Digital vaccination passports are here

Privacy news
4 mins
will privacy be another casualty in digital vaccination passports

This post was originally published on March 4, 2021.

With vaccinations against Covid-19 rapidly gaining momentum, we’re approaching a time when restrictions on travel and movement are likely to be eased. But with some scientists skeptical that we’ll ever see the back of the virus, it’s likely that governments will start to distinguish between people who have been vaccinated versus those who have not.

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Israel provides an early indication of what this might look like. The country has vaccinated approximately 50% of its population already and the government is preparing to issue “green passports” for those who receive their second shot. This vaccination document will give residents access to gyms, hotels, swimming pools, concerts, and places of worship. Restaurants and bars are expected to be included from early March.

The country’s health minister said the passport will be available through a mobile app and that businesses will be required to scan it on entry.

After its domestic rollout, there are plans to use the vaccination document for international travel, too. Greece, Cyprus, and Israel signed an agreement allowing citizens with vaccination certificates to travel freely between the three countries, without any self-isolation requirements.

Sweden and Denmark have also announced plans to issue digital vaccination certificates for travel and in-person attendance at concerts and sporting events. Other countries actively considering vaccination passports include Chile, Germany, Italy, Britain and the U.S. Global travel regulator IATA is working on launching the IATA Travel Pass, a digital platform for passengers that allows them to share their vaccination results with airlines prior to checking in.

It’s not just a question of getting vaccinated and being done with it. Our ability to return back to normal life seems to be dependent on sharing medical records and ensuring compliance with a plethora of ever-changing rules.

Some of us were O.K. with a temporary reduction of our privacy in exchange for measures to curb the spread of Covid-19. But the message was clear: This cannot be permanent and must respect individual rights. Whether that actually happens now—or ever again—is anyone’s guess.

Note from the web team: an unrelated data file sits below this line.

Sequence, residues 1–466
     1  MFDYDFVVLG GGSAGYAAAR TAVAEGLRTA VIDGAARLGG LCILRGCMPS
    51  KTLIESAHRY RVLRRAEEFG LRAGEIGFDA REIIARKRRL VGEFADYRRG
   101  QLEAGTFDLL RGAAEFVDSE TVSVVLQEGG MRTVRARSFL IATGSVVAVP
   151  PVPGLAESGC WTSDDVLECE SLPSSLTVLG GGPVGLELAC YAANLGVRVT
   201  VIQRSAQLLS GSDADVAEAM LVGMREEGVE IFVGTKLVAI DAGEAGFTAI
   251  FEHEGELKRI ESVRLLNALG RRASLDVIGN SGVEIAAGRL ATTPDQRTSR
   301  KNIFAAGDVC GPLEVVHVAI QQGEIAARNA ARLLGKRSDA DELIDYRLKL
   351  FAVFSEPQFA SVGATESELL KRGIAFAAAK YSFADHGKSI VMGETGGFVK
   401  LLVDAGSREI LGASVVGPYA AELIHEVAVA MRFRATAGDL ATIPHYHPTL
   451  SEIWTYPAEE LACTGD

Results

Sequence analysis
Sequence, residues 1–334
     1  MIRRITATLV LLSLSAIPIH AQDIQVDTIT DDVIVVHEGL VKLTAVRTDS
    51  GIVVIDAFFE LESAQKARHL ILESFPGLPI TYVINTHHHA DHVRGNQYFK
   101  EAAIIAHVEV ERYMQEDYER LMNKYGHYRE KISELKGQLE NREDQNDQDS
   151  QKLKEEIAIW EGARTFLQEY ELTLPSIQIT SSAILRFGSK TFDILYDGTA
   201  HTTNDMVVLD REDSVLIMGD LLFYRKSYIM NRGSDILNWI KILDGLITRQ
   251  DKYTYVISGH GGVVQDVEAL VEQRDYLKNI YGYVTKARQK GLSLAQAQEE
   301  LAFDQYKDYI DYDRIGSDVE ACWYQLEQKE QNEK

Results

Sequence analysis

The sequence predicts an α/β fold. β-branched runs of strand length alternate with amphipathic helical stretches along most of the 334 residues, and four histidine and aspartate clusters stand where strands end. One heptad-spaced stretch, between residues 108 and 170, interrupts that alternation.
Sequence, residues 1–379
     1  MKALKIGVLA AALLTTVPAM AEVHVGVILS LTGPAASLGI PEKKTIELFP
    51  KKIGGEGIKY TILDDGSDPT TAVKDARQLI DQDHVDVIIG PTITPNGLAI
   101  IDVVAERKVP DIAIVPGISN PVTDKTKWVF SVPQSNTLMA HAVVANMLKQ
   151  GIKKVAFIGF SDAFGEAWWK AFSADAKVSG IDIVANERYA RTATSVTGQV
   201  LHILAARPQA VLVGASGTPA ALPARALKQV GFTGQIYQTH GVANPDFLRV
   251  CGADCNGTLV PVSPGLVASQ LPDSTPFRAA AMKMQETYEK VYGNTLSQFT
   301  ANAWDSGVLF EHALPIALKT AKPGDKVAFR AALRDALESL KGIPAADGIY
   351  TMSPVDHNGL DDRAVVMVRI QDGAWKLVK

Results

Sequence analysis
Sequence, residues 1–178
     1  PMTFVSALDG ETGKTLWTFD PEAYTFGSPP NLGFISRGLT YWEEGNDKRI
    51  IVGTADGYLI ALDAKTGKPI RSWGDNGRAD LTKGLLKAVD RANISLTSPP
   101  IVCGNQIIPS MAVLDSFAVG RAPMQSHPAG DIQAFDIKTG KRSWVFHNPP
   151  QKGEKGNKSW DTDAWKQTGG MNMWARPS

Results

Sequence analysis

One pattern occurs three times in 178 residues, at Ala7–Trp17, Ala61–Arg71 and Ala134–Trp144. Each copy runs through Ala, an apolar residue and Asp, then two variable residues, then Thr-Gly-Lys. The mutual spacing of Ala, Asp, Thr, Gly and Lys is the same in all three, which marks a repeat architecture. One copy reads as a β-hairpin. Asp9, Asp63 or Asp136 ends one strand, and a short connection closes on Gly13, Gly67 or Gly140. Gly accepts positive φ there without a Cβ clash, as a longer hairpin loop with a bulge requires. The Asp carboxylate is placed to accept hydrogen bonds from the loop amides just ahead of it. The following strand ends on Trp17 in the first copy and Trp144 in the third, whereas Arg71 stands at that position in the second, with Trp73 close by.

Ethical concerns remain

According to the Economist Intelligence Unit, the bulk of populations in advanced economies will be vaccinated against Covid-19 by mid-2022. The timeline stretches out to early 2023 for middle-income countries and as far as 2024 for poor ones. This stratification underscores the divide between vaccine access; rich countries like the U.S., Canada, and some EU member states have procured multiple doses for each resident.

Poorer nations, however, will have to wait and depend on donor largesse to inoculate their populations. And if digital vaccination passports become a requirement to return to normal life, we’re looking at a stark divide in freedom of movement between the rich and the poor.

Big Tech has entered the race to develop a vaccination passport, too. The Commons Project is working on an app called the CommonPass, which certifies whether an individual meets travel and vaccination rules. Companies like Microsoft, Oracle, Salesforce, Cerner, and Cigna are part of the project, which seeks to pull medical records from a variety of sources and store them on your phone.

The rush to develop digital passports means records pertaining to individual medical, work, travel, and biometric data are stored on multiple databases and shared freely among authorities under the pretext of public health. This information is intricately tied back to our identities; after all the passports have to certify whether we’re immunized against the virus or not. And the more that this data spreads, the higher the chance of misuse.

“Even if individuals consent to have their health data collected, stored and processed for the purposes of using a digital health passport, providers would still need to build data protection into the design of these technologies by default,” Ana Beduschi, a professor of law at the University of Exeter, told Euronews.

She’s also the co-author of a report that examines the privacy and human-rights implications of digital health passports. The study says that deployment of these digital documents “may interfere with an array of fundamental rights, including the right to privacy, the freedoms of movement and peaceful assembly,” and that policy-makers need to strike a balance between “safeguarding individual rights and public health interests.”

Vaccination passport apps must be designed with privacy, security, and transparency front and centre. The Covid-19 Credentials Initiative, which seeks to develop open-source software with privacy-driven guidelines, is a step in that direction. The initiative is spearheaded by the Linux Foundation and brings together 300 technologists, academics, and healthcare professionals from around the world. One of its core objectives is to develop code that could eventually lead to trusted digital vaccine passports.

In our rush to return to pre-pandemic life, it’s easy to overlook the finer details. Who are the companies handling our data? Can we trust Big Tech with such sensitive information? What privacy guarantees do we have?

As responsible citizens, it is our right and responsibility to ask these questions.

What do you think of digital vaccination passports? Let us know in the comments!

Read more: Biometric data collection around the world

I like to think about the impact that the internet has on humanity. In my free time, I'm wolfing down pasta.